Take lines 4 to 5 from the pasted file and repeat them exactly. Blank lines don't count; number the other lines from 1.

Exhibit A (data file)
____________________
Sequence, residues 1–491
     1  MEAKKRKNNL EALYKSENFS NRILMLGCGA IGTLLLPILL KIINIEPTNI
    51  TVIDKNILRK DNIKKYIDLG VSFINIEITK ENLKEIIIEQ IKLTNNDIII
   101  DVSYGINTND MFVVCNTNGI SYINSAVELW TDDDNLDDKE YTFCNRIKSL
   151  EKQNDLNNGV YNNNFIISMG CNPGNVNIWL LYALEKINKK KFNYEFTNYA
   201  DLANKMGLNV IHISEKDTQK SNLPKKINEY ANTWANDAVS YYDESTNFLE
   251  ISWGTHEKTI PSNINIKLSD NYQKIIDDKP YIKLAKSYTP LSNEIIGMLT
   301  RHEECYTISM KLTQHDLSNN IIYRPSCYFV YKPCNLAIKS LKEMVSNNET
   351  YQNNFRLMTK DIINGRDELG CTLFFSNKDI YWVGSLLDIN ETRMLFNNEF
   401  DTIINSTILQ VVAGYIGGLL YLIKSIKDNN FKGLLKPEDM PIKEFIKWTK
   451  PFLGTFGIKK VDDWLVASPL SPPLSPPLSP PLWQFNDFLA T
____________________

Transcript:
   101  DVSYGINTND MFVVCNTNGI SYINSAVELW TDDDNLDDKE YTFCNRIKSL
   151  EKQNDLNNGV YNNNFIISMG CNPGNVNIWL LYALEKINKK KFNYEFTNYA